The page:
|Publication number||US5709661 A|
|Application number||US 08/325,196|
|Publication date||Jan 20, 1998|
|Filing date||Apr 14, 1992|
|Priority date||Apr 14, 1992|
|Also published as||WO1993020876A1|
|Publication number||08325196, 325196, PCT/1992/72, PCT/NL/1992/000072, PCT/NL/1992/00072, PCT/NL/92/000072, PCT/NL/92/00072, PCT/NL1992/000072, PCT/NL1992/00072, PCT/NL1992000072, PCT/NL199200072, PCT/NL92/000072, PCT/NL92/00072, PCT/NL92000072, PCT/NL9200072, US 5709661 A, US 5709661A, US-A-5709661, US5709661 A, US5709661A|
|Inventors||Franciscus Cornelis Van Egmond, Charles Theodoor Lancee|
|Original Assignee||Endo Sonics Europe B.V.|
|Export Citation||BiBTeX, EndNote, RefMan|
|Patent Citations (2), Referenced by (38), Classifications (20), Legal Events (9)|
|External Links: USPTO, USPTO Assignment, Espacenet|
1. Field of the Invention
The present invention relates to an electronic catheter displacement sensor which senses the advancement of a catheter as the catheter is pushed or pulled through the sensor. The sensor generates signals which are supplied to electronic processing circuitry that converts the signals to signals indicative of a unit of distance and indicative of direction of movement of the catheter and these distance signals can then be supplied to a visual display device such as a video screen. The distance which the catheter has been advanced, such as during advancement of the catheter into a blood vessel in a body, then can be displayed on the video screen.
The invention is also directed to a disposable sensor unit of the displacement sensor through which the catheter is advanced and/or retracted so that each time the displacement sensor is used with a new catheter, a new sterile sensor unit can be mounted in the displacement sensor thereby to prevent contamination of the new catheter.
2. Description of Prior Art
Heretofore various devices have been proposed for advancing catheters into body cavities or blood vessels. Examples of such prior art devices are disclosed in the following patent publications:
______________________________________U.S. Pat. No. Patentee______________________________________3,835,854 Jewett4,401,433 Luther4,563,176 Gustavsson et al.4,616,648 Simpson4,846,171 Kauphusman et al.4,917,094 Lynch et alPublished European Patent Specification Gustavvson et al.No. 0 050 606______________________________________
The Jewett U.S. Pat. No. 3,835,854 discloses a device for advancing a catheter between two nip rollers, one being an idler roller and one being a drive roller. A knob is connected to the drive roller whereby rotation of the knob will advance the catheter into a needle upon rotation of the knob. The Luther U.S. Pat. No. 4,401,433 discloses an apparatus for advancing an oversized catheter through a cannula by folding the catheter and then passing the folded catheter through advancing roller drives which are rotated to advance the catheter through a cannula and thence into a patient.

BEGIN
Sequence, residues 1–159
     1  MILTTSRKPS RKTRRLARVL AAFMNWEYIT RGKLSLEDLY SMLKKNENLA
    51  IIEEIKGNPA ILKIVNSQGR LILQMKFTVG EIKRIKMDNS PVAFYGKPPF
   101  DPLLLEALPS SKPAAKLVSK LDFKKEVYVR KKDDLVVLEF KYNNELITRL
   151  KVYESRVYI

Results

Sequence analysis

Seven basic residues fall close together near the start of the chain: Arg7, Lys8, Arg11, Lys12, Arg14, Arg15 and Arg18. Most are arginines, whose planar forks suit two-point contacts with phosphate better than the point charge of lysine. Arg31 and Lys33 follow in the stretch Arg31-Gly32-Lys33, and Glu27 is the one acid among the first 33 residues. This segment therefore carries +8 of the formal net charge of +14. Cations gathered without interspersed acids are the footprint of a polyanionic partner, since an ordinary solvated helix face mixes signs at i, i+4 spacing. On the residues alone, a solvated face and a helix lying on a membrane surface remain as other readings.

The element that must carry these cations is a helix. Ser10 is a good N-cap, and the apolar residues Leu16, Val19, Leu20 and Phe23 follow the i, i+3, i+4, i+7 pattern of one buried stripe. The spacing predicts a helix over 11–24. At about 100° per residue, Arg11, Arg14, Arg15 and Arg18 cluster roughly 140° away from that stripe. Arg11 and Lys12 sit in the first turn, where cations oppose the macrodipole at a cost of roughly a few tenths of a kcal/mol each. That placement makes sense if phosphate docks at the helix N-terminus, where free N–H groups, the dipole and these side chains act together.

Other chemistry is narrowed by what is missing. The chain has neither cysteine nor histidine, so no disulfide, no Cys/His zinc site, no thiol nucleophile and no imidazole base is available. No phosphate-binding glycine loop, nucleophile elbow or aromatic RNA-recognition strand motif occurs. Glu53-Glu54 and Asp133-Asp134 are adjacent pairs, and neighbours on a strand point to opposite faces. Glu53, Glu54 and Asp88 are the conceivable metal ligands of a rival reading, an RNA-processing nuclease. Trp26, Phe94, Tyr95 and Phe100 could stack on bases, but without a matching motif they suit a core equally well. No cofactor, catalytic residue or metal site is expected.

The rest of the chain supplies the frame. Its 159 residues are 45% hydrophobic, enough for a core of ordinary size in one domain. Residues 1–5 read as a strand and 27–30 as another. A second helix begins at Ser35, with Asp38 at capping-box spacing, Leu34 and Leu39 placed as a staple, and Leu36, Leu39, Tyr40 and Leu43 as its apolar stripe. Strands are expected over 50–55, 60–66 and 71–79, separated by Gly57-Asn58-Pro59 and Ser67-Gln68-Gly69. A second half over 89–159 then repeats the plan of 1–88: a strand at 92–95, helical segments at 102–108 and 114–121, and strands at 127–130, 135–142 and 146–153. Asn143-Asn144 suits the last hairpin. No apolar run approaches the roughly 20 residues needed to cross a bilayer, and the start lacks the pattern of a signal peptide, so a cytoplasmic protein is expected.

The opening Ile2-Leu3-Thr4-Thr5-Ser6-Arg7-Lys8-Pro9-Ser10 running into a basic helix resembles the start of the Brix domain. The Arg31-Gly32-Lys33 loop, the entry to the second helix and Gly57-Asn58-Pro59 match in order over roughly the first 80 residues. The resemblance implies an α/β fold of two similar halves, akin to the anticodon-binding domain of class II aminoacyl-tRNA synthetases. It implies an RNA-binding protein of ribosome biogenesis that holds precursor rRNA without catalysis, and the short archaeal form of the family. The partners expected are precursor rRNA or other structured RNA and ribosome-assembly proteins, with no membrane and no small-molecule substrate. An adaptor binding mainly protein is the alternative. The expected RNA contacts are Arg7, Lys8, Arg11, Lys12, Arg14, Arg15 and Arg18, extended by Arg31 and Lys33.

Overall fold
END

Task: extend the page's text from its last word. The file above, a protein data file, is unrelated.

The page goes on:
The Gustavvsson et al. U.S. Pat. No. 4,563,176 discloses a device for sterile storage of a catheter and the sterile advancing thereof. A ratchet mechanism or a movable handle are provided for advancing the catheter. The catheter is received through a sterile transparent plastic sheath having a movable scale thereon, the zero point of the scale being aligned with a coupling piece at the proximal end of the catheter. As the catheter is advanced out of the protective sheath, the position of the coupling piece relative to the scale indicates how far into the body the catheter has been advanced.
The Simpson U.S. Pat. No. 4,616,648 discloses a device for facilitating the exchange of dilatation catheters during an angioplasty procedure. The device includes first and second friction rollers and a rotatable member for causing rotation of friction rollers to move an exchange guidewire into tubing mounted within a housing coupled to a guiding catheter for inserting an exchange guidewire into the guiding catheter.
The Kauphusman et al. U.S. Pat. No. 4,846,171 discloses a laser catheter adjustable control apparatus including an optic fiber advance housing having a fiber advance assembly mounted therein for reciprocal movement. The advancing mechanism has ratchet teeth such that the ratchet teeth on a movable part will engage the optic fiber for moving same when the movable part is depressed and moved longitudinally by a physician.
The Lynch et al U.S. Pat. No. 4,917,094 discloses a guidewire advancement system including a housing through which a guidewire extends, an opening in the housing and a slide bar mounted in the opening. The slide bar can be depressed against the guidewire and then moved axially with the guidewire toward a patient to move the guidewire incrementally into an artery of the patient. A monitor can be electrically connected to the slide bar for establishing an electrical connection through the guidewire (when the slide bar touches the guidewire) to the tip of the guidewire to pick up electrical heart pulses as the guidewire tip approaches the heart.